by Greta Yeoman
While 70% of New Zealanders with an alcohol use disorder will develop it by age 25, many are not aware of the impact of their drinking, South Canterbury addiction advocates say.
Timaru Salvation Army addictions caseworker Glenn Smith said because many people aged 18-25 were “still experimenting” with alcohol and other drugs, often with the encouragement of their peers, they probably did not realise when their drinking reached a “hazardous” stage.
The 2017-18 New Zealand Health Survey, released last month, found almost a third of New Zealanders aged 18-24 had “hazardous drinking” habits.
This compared with a quarter of those aged 25-34.
Research by Dr Charlene Rapsey, of the Dunedin School of Medicine, found half of those who developed an alcohol use disorder did so by age 20, while 70% did so by age 25.
Her paper, released in October, also found their drinking started in high school and transitioned rapidly from consuming alcohol to having an alcohol use disorder.
“[This research shows] resources to prevent and to treat alcohol use disorders need to focus on those under 25 years of age in particular” – Dr Charlene Rapsey
“Considering many teenagers leave high school at 18 . . . 79% of 18-year-olds had used alcohol, with 57% regularly drinking.”
Mr Smith said while people could say, “I don’t drink every day”, it also affected people’s ability to stop drinking once they started, whether they engaged in dangerous behaviour – like drink-driving or getting into fights – while under the influence of alcohol or if people felt regret about what they had done while drinking and then drank to drown out the memory.
“There’s a lot of shame about addiction.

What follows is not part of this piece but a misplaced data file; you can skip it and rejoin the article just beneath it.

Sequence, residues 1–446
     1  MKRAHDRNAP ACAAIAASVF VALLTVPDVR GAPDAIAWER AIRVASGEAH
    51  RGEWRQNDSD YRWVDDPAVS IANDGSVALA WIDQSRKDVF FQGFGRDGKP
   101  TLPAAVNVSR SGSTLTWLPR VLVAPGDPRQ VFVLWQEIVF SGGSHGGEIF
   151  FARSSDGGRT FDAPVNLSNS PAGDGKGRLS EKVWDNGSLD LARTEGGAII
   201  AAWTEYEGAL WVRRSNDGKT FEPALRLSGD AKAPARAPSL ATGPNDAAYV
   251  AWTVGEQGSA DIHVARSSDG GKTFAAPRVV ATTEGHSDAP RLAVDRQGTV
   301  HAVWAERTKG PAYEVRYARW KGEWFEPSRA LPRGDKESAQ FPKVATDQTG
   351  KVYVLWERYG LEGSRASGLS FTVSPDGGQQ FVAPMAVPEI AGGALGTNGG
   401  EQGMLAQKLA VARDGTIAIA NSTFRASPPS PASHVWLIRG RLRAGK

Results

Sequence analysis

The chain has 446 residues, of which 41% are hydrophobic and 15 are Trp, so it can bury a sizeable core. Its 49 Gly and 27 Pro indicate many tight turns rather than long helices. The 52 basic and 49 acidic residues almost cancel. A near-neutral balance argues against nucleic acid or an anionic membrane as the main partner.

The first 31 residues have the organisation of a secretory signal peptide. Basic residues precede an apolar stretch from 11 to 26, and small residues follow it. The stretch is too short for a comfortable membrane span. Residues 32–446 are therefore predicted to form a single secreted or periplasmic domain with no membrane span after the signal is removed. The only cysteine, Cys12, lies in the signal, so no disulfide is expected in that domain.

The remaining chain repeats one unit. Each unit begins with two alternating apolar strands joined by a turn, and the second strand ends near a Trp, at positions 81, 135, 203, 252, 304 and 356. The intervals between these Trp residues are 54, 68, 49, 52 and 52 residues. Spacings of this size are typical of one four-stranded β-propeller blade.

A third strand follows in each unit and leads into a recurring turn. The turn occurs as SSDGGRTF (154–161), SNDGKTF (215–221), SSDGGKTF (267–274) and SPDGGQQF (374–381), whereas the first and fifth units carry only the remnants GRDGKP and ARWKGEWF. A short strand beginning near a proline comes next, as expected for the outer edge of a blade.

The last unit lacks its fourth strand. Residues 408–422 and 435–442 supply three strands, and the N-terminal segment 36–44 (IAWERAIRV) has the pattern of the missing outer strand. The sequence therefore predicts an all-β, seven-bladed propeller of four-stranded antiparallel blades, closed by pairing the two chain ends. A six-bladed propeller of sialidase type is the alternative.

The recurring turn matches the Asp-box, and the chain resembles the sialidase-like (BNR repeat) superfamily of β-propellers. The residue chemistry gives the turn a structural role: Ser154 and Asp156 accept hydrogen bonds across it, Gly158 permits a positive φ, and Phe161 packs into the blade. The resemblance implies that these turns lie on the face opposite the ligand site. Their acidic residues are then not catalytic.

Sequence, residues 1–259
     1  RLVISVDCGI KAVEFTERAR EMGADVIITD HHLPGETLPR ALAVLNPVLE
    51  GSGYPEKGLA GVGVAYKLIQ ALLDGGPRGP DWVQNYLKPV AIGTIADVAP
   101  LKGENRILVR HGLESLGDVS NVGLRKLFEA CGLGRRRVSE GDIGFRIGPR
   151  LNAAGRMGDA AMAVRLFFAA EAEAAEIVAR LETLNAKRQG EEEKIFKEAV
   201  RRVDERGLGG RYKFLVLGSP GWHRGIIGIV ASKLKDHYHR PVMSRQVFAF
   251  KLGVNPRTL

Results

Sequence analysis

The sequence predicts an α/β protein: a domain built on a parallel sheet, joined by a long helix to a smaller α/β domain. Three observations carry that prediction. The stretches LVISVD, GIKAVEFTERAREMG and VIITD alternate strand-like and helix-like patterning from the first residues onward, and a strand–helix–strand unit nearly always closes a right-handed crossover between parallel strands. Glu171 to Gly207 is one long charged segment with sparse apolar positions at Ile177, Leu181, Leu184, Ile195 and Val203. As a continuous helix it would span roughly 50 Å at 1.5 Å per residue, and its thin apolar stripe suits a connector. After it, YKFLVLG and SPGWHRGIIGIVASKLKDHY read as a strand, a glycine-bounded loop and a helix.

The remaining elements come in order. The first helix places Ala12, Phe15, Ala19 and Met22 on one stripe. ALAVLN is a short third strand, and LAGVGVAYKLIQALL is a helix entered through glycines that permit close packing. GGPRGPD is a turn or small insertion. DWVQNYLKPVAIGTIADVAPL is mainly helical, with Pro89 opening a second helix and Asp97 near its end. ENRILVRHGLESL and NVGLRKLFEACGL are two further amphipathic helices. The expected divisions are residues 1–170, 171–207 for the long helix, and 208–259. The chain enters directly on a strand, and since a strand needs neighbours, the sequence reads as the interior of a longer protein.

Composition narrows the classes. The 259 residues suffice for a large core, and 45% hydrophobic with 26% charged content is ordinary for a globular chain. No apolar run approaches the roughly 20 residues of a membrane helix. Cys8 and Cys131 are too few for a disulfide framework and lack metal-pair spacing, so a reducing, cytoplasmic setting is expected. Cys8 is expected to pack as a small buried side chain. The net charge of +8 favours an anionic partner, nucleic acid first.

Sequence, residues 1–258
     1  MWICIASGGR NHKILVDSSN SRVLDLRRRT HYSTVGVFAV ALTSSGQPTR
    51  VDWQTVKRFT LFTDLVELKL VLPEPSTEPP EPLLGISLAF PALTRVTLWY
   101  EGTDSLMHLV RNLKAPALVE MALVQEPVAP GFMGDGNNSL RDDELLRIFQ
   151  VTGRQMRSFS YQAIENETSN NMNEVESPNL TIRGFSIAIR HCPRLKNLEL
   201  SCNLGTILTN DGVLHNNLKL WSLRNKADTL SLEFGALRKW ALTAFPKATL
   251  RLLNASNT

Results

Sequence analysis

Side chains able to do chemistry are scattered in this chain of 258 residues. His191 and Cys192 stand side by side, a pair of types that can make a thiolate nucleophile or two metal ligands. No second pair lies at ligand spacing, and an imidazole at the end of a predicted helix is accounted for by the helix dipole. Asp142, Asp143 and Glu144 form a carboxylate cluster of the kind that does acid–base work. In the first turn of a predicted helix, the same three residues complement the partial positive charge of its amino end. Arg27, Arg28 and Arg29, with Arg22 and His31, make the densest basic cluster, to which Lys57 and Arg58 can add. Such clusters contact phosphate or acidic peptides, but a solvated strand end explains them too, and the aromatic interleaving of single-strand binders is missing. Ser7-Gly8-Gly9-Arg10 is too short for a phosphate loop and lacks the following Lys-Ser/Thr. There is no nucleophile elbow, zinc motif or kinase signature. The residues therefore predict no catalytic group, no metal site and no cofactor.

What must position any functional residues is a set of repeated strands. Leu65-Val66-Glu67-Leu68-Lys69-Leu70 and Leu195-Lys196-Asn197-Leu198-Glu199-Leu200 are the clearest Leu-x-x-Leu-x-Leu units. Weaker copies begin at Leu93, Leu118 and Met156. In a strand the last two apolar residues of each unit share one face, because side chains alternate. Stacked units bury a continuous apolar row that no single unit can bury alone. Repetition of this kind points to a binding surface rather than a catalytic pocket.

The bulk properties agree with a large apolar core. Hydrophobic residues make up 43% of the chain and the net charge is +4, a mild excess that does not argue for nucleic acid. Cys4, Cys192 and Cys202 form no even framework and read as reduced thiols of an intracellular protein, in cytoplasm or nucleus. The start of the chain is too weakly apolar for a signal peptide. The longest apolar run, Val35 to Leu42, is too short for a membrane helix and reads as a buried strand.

“[But] it’s not really them, it’s the disease.”
AMPSS 101 (Addictions, Mental Health Peer Support Services) manager Jan Andrews said while most of the people coming through the doors in the 18-24 age bracket were dealing with drug addictions, people often began to realise in their early to mid-20s if they had problems with alcohol as well.
“People are becoming more aware and being able to seek help and support.”
Parents could seek support for their child through Family Mental Health Support (FAMHS) or through the South Canterbury District Health Board’s crisis line or Drug and Alcohol service, Mrs Andrews said.
Mr Smith said most people would only self-refer to an addictions service if they woke up one morning, decided they needed to quit drinking and sought out a service. Otherwise it would usually be through the encouragement of a friend or family member.
He encouraged people to “learn about you and your limitations”.
Dr Rapsey’s research backed up the reported delay in South Canterbury residents recognising their issues with alcohol.
Her report, which used data from the New Zealand Mental Health Survey, found that people lived with alcohol use disorders for a long time before they experienced remission; 45% of people still met criteria for an alcohol disorder after 10 years.
She said while alcohol was commonly enjoyed by many people and only a minority developed an alcohol use disorder, the negative consequences of such a disorder could be severe and long-lasting.
To determine “hazardous drinking” in the 2017-18 New Zealand Health Survey, the questions about alcohol use came from the 10-item Alcohol Use Disorders test. The questionnaire covers three aspects of alcohol use: alcohol consumption, dependence and adverse consequences.
“This research highlights our collective responsibility to each other; by reducing the drivers of overall levels of consumption, we have the opportunity to reduce harm to others.”
Dr Rapsey suggested “relatively small inconveniences” including limiting the availability of alcohol and putting higher prices on alcohol could have “significant influences” on reducing alcohol-related harms.
Her study suggested 16% of the almost 13,000 participants in the New Zealand Mental Health Survey had developed an alcohol disorder. However, the 2017-18 New Zealand Health Survey suggested that a likely figure was closer to 20%.
The largest group of hazardous drinkers were aged 18-24, totalling just under 32%. This broke down to 38% of men aged 18-24 and 25% of women.
“This latest research also indicates that resources to prevent and to treat alcohol use disorders need to focus on those under 25 years of age in particular,” she said.